USDA Now Accepting Applications for Solar Grants

Eric Wooldridge of Bells Bend Neighborhood Farms was approved for a grant this year.
USDA’s Rural Energy for America Program (REAP) grant for agricultural producers and small rural businesses covers up to 25% of the cost of a solar installation. The local office is now accepting applications!

“We anticipate funding levels under REAP for 2014 to be at or higher than last year, so applications have a stronger chance of receiving awards than previous years,” says Will Dodson, Energy Director at USDA, Rural Development in Tennessee.

The application deadline has not been announced, but it is likely to be early next year.

A farm grant lunch and learn will be held next month in Hopkinsville, KY! Click here for info.

Also, here is a link to the REAP program. We have chosen the Oregon site, because it has all the information, instructions, and forms to apply. Tennessee’s REAP site can be found here.

Chattanooga earns top environmental sustainability rating from TVA

Tuesday, Chattanooga won a top environmental sustainability rating that officials believe will help it attract more jobs and businesses. Millie Callaway, a TVA senior consultant for economic development, said only 13 communities in its seven-state service area will be cited this year. Just two others are platinum, or top-ranked, so far — Knoxville and Oak Ridge. TVA sponsored the initiative to help cities and counties catalogue their sustainable assets, and the effort is weighted toward business actions, Callaway said.
Chattanooga Mayor Andy Berke said the citation highlights the link between sustainability, economic development and quality of life. “I think a lot about the Chattanooga brand,” he said at a news conference. “It’s so tied up with sustainability.”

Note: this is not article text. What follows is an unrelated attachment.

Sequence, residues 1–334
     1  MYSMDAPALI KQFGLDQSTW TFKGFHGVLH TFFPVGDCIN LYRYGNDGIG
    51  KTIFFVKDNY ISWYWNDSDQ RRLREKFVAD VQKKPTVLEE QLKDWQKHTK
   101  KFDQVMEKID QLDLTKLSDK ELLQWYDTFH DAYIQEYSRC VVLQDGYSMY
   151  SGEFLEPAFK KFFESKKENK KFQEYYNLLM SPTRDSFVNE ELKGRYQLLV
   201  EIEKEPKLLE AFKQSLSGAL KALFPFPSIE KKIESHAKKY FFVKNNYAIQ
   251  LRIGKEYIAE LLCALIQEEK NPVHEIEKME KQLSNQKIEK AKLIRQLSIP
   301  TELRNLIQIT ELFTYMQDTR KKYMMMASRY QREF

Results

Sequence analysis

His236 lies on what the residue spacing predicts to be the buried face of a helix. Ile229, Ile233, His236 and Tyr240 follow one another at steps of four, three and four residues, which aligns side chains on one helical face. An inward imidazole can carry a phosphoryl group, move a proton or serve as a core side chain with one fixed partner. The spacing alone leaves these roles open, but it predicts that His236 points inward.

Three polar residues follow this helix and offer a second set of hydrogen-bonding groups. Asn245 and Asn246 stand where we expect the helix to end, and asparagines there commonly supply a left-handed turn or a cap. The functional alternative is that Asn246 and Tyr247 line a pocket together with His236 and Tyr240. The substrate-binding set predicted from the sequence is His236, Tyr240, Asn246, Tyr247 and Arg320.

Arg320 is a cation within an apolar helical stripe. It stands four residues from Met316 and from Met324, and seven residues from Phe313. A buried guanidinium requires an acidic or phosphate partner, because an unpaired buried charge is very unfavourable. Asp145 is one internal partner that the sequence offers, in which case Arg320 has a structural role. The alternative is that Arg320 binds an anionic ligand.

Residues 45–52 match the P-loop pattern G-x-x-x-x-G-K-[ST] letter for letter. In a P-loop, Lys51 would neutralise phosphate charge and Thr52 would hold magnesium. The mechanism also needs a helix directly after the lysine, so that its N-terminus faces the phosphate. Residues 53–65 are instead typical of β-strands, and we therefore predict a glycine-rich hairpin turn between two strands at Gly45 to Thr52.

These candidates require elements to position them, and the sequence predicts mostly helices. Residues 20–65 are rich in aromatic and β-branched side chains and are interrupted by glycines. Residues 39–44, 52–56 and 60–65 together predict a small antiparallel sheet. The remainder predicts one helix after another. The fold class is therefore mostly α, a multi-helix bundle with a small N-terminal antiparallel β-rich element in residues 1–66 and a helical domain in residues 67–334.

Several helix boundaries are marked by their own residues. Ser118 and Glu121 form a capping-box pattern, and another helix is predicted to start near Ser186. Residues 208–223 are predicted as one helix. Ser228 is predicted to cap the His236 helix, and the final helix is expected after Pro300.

Officials on Tuesday noted Chattanooga’s Volkswagen plant, which last year was named the world’s first platinum-badged Leadership in Energy and Environmental Design auto assembly factory. Enterprise South industrial park, which holds VW, a handful of its suppliers and an Amazon distribution center, was created from a polluted former U.S. Army ammunition production plant. The city also has 35 miles of linear greenways and trails, including the 11-mile Tennessee Riverwalk which runs to downtown.

Solar Schools: Powering classrooms, empowering communities.

Solar Schools from NRDC on Vimeo.

The Solar Schools platform will help parents and students connect and organize themselves around development of specific solar projects that increase renewable energy infrastructure in their community. We are building a bridge that connects local enthusiasm for renewable energy with the experts and resources they need to build the communities they desire.

To help fund, or learn more about this campaign, visit at: http://www.indiegogo.com/projects/solar-schools-powering-classrooms-empowering-communities

TVA launches community solar initiative

The Tennessee Valley Authority has recently developed a community solar initiative designed to add at least 500 kilowatts of solar energy for their utility and government properties.

TVA issued a request for proposals (RFP) on Aug. 15 to identify community members interested in participating in this Solar Aggregated Value and Education (SAVE) initiative.

This initiative will also provide an opportunity to test the market for the upfront purchase of Renewable Energy Credits, or RECS, that are directly tied to generation from a local solar facility.  RECs represent the property rights to the environmental, social and non-power qualities of renewable electricity generation. RECs are sometimes purchased to meet legislative or regulatory mandates, meet internal goals, support environmental stewardship and other objectives.

The RFP will be handled through a two-stage application process.  The submission deadline for the concept paper proposal will be in November 2013, with the full application due in February 2014 for those selected past the first stage. Final selection of participants is planned for April 2014.

The  SAVE initiative is the first of 11 projects TVA is launching as part of  a Clean Air Agreement with the U.S. Environmental Protection Agency that support TVA’s vision for low-cost and cleaner energy.

The innovative approach tries to provide renewable credits and tax breaks for industry, the chance for residents to promote more solar power and the opportunity for TVA to get more renewable power to comply with a 2-year-old settlement with the U.S. Environmental Protection Agency.

TVA began soliciting proposals under the new Solar Aggregated Value and Education (SAVE) program last month. Program director Neil Placer said TVA expects to have one or two solar projects added to its grid by 2015.

Original article here

Brightfield One Opens Oct. 6th

Brightfield One from Restoration Services, Inc. (RSI) on Vimeo.